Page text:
Importance of nature in early childhood

Here are seven articles supporting the importance of nature to children's development.

10 ways to get your kids out in nature, and why it matters: In his book, Louv shares many studies that have shown that spending time in nature has tremendous health benefits, among them
improved concentration, a greater ability to engage in creative play, an aid to help treat mental illness (in particular ADHD and depression), and exercise that beats out organized sports with its hour-to-hour physical activity. Children who spend more time in nature develop better motor fitness and coordination, especially in balance and agility.  The Washington Post. Read full article.

The Power of Nature: Ecotherapy and AwakeningBut as well as helping us to heal our minds, contact with nature can transform us. For several years, I have done research into what I call ‘awakening experiences’ – moments when our vision of our surroundings becomes more intense (so that they become more beautiful and meaningful than normal), and we feel a sense of connectedness to them, and towards other people. Psychology Today. Read full article.

Nature Helps Fight ADHD: Spending Time Outdoors Helps Kids With ADHD  Spending time in "green" settings reduced ADHD symptoms in a national study of children aged 5 to 18.

The study was done by Frances Kuo, PhD, and Andrea Faber Taylor, PhD, of the University of Illinois at Urbana-Champaign. WebMD.  Read full article

5 Minutes with Nature Can Boost Mental Health "We believe that there would be a large potential benefit to individuals, society and to the costs of the health service if all groups of people were to self-medicate more with green exercise," said co-researcher Jo Barton. Live Science. Read full article.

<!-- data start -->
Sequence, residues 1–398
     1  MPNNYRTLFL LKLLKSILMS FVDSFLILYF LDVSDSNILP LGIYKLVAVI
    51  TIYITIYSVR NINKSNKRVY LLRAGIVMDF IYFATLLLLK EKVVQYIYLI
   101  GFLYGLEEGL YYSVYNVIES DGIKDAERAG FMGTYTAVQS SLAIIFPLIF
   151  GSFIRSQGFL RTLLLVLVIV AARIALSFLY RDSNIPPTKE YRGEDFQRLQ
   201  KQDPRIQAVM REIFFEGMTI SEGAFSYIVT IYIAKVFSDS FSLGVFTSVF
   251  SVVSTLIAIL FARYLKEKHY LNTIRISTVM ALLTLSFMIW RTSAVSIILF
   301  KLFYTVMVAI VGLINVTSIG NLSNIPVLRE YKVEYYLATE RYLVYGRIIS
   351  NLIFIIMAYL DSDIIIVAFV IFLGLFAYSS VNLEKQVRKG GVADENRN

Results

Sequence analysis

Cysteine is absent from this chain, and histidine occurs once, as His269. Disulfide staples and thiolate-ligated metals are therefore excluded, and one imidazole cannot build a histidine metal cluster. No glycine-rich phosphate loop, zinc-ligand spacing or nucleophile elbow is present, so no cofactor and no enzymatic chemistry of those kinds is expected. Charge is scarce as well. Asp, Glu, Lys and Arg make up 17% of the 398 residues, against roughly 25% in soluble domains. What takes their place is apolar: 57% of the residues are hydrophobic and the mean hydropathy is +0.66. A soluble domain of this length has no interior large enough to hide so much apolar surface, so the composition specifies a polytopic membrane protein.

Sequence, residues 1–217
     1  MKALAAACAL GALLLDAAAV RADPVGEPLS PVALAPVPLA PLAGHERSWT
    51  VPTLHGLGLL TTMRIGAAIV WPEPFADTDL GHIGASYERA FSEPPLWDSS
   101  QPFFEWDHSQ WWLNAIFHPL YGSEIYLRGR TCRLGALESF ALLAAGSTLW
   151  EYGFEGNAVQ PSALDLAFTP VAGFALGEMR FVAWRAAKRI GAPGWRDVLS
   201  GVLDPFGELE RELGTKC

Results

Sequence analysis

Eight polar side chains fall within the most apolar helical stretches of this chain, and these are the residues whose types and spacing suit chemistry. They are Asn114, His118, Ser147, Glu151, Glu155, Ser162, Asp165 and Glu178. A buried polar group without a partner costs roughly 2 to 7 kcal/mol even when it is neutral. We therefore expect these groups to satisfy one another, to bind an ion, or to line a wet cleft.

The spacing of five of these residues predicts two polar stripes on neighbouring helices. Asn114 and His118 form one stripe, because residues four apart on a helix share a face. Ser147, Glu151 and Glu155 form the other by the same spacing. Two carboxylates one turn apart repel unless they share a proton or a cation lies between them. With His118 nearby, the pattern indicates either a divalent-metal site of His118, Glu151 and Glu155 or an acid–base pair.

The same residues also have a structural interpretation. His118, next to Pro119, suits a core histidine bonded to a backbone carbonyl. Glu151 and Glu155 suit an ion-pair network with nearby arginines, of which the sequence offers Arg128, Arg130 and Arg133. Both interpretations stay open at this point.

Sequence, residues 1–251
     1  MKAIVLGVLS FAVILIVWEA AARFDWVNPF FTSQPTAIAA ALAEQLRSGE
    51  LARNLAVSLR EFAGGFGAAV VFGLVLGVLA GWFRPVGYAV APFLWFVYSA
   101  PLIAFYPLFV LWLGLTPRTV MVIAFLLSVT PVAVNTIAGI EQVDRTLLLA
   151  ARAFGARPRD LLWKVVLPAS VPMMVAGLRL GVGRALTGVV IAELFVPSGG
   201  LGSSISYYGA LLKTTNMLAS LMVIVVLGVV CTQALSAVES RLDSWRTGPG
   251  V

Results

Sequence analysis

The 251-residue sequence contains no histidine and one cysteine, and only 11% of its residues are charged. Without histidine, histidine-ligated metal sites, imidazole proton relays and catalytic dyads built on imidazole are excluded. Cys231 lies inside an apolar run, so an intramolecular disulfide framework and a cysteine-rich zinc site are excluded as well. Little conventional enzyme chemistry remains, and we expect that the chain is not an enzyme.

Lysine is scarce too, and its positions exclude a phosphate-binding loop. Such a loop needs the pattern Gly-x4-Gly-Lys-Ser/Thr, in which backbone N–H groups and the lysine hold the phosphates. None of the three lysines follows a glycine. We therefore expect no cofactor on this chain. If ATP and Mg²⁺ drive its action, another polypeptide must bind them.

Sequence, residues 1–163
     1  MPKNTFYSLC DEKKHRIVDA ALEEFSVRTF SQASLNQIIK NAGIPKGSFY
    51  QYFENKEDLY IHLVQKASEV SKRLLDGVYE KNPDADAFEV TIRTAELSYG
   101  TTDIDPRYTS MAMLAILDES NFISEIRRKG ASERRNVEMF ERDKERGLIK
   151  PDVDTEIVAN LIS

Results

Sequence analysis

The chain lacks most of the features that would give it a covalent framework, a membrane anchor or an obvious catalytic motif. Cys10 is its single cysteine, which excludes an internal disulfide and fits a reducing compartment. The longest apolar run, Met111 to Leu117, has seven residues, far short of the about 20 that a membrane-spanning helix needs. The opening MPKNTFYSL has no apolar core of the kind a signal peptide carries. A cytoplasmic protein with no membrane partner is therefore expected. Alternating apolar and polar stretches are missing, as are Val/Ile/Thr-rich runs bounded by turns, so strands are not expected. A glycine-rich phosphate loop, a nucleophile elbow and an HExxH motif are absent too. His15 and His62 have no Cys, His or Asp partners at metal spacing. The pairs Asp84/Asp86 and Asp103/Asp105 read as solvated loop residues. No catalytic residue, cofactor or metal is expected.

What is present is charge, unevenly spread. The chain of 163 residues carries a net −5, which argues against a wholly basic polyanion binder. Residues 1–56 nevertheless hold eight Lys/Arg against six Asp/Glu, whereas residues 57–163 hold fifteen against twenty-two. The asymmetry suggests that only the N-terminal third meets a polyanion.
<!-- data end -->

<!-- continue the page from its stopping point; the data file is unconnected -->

The Nature Cure: Why some doctors are writing prescriptions for time outdoors Smith is an ecotherapist, a practitioner of nature-based exercises intended to address both mental and physical health. Which means she recommends certain therapies that trigger in me, as a medical doctor, more skepticism than serenity: Listen to birdsong, in your headphones if necessary. Start a garden, and think of the seeds’ growth as a metaphor for life transitions. The Atlantic. Read full article.

Got Nature? Why You Need to Get Out In our increasingly urbanized world, it turns out that a little green can go a long way toward improving our health, not just that of the planet.

That could mean something as simple as a walk in the park or just a tree viewed through a window. It's not necessarily the exercise that is the key. It's the refreshing contact with nature and its uncomplicated demands on us. Live Science. Read full article.

Nature experience reduces rumination and subgenual prefrontal cortex activation: Urbanization has many benefits, but it also is associated with increased levels of mental illness, including depression. It has been suggested that decreased nature experience may help to explain the link between urbanization and mental illness. Read full article.Proceedings of the National Academy of Sciences of the United States of America 

1 comment:

Tanu Tripathi said...

I like to read this post because I met so many new facts about it actually. Pre School For Kids .


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